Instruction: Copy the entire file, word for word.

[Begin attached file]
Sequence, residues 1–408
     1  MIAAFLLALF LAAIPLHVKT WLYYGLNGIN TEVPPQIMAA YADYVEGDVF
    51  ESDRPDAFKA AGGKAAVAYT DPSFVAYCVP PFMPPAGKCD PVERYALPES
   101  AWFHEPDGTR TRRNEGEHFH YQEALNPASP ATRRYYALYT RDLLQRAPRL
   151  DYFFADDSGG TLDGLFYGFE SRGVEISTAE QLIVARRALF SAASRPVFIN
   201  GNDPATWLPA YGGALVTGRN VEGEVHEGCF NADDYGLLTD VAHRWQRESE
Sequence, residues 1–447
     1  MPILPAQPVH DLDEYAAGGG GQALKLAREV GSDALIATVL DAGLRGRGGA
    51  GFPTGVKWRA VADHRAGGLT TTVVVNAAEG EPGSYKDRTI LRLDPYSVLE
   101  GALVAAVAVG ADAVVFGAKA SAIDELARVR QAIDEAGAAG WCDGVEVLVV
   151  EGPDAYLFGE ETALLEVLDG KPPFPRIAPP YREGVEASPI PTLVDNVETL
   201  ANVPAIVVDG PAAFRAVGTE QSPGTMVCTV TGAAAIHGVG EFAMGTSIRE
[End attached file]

Sequence, residues 1–408
     1  MIAAFLLALF LAAIPLHVKT WLYYGLNGIN TEVPPQIMAA YADYVEGDVF
    51  ESDRPDAFKA AGGKAAVAYT DPSFVAYCVP PFMPPAGKCD PVERYALPES
   101  AWFHEPDGTR TRRNEGEHFH YQEALNPASP ATRRYYALYT RDLLQRAPRL
   151  DYFFADDSGG TLDGLFYGFE SRGVEISTAE QLIVARRALF SAASRPVFIN
   201  GNDPATWLPA YGGALVTGRN VEGEVHEGCF NADDYGLLTD VAHRWQRESE
Sequence, residues 1–447
     1  MPILPAQPVH DLDEYAAGGG GQALKLAREV GSDALIATVL DAGLRGRGGA
    51  GFPTGVKWRA VADHRAGGLT TTVVVNAAEG EPGSYKDRTI LRLDPYSVLE
   101  GALVAAVAVG ADAVVFGAKA SAIDELARVR QAIDEAGAAG WCDGVEVLVV
   151  EGPDAYLFGE ETALLEVLDG KPPFPRIAPP YREGVEASPI PTLVDNVETL
   201  ANVPAIVVDG PAAFRAVGTE QSPGTMVCTV TGAAAIHGVG EFAMGTSIRE